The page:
The Faiveley had an unusual nose in that was not so typical-Burgundy but was more like a fascinating tapestry of tropical fruits. I hadn’t before smelt anything like it – it was what I imagined a pre-phylloxera wine would smell like, although of course this wine was made some years after the Phylloxera plague spread through Europe. The wine had an unbelievable complexity, a mid-palatte that didn’t really want to end. It was undeniably Musigny – a peacocks tail of flavour, tastes, all packed with that elusive trait of power without weight. The more I drink these awesome wines it is that one characteristic – serenity, tranquillity – that makes a profound wine stand above a great one. Incredibly I felt that the Musigny could easily last another 50 years or more.

Drinking these two wines was humbling. Before us were two wines that revealed their secrets. We saw the depths of the terroir of Clos de la Roche and Musigny, the wines completely in their element and at a moment that was perfect to open them, not just for the bottles but also for us. Both Francois and I preferred the 1947 Rousseau to the 1906 Musigny. Francois said that it had only been once previously that he had preferred a bottle someone else had brought (“you always prefer your own children!”), so we were happy to hear he preferred our bottle today! Daniel and Tomo preferred the Musigny. It was a close call but the fragrance and originality of the Rousseau made it almost unsurpassable.

After these two wonders we moved onto Domaine de Bouchon Sainte-Croix-du-Mont Café Voisin 1900. Yes I had not heard of it either! And it is very unlikely that I will go to a lunch again when someone will tell me that they are not sure if the wine is white or red! This wine had a lot of history. Café Voisin was at that time what Taillevent is today. This wine (it was red in the end!) was made in an area not too far away from Sauternes. It was absolutely delicious, and quite a charmer! For me it was similar to a red Sauterenes. The others said it reminded them of a red Banyuls with a mature Champagne. They say Champagne because it was slightly fizzy at first, nothing negative – it only added character to it! It had been lying in Francois’s cellar for the last 30 years, and was a real treat to drink. A fascinating accompaniment to the cheeses, of which I still remain hopeless at remembering any names.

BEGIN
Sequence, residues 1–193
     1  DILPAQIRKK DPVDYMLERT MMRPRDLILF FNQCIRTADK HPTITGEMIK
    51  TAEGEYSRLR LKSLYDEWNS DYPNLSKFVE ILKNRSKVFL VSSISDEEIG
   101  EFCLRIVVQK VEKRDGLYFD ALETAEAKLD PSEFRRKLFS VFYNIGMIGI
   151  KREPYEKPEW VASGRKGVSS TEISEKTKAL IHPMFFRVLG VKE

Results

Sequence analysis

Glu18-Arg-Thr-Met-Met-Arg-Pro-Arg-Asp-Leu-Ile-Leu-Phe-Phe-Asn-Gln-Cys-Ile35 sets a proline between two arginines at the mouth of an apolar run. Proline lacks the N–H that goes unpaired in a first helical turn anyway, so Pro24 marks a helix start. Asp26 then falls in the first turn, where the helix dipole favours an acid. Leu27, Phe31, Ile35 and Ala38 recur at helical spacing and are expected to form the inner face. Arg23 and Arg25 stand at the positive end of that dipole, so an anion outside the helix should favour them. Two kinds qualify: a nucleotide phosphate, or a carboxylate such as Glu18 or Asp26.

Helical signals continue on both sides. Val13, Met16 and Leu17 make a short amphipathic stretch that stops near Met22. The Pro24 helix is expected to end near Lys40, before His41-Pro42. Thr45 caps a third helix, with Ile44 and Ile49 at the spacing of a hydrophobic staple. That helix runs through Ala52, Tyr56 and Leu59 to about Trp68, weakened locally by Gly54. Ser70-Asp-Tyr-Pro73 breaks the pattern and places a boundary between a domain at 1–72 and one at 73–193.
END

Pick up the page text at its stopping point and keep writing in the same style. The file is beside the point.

A bottle of Pol Roger 1949 was tired, past it and didn’t deserve any attention after this eclectic array of wines. You can’t win them all…


To finish Tomo brought a Chartreuse, dating from the 1940’s. This was a first for me, I haven’t had mature Chartreuse before. It was a Chartreuse Jaune – Liqueur des Pères Chartreux. This was bursting with herbs, flowers and dried apricots. Even after all these wines I took a second glass of this, it was a real delight.


My Top 5 Wines of the Lunch:

  1. Rousseau Clos de la Roche 1947
  2. Faiveley Musigny 1906
  3. Vieux Chateau Certan 1900
  4. Billecart Salmon 1961 magnum
  5. Domaine de Bouchon Saint Croix du Monte 1900

The overall vote was:

  1. Faiveley Musigny 1906
  2. Rousseau Clos de la Roche 1947
  3. Vieux Chateau Certan 1900
  4. Billecart Salmon 1961 magnum

At the end of the lunch, I remarked how in 100 years from now in the year 2114, there will be some collectors, (and perhaps the future heirs of Baron Wines!) opening their 2005’s and 2010’s. Perhaps a Rousseau Clos de la Roche 2005 and Faiveley Musigny 2010? Like us today they will be amazed at the wonder of the wines, and like us will have a unique and humbling experience. Just a thought…till next time.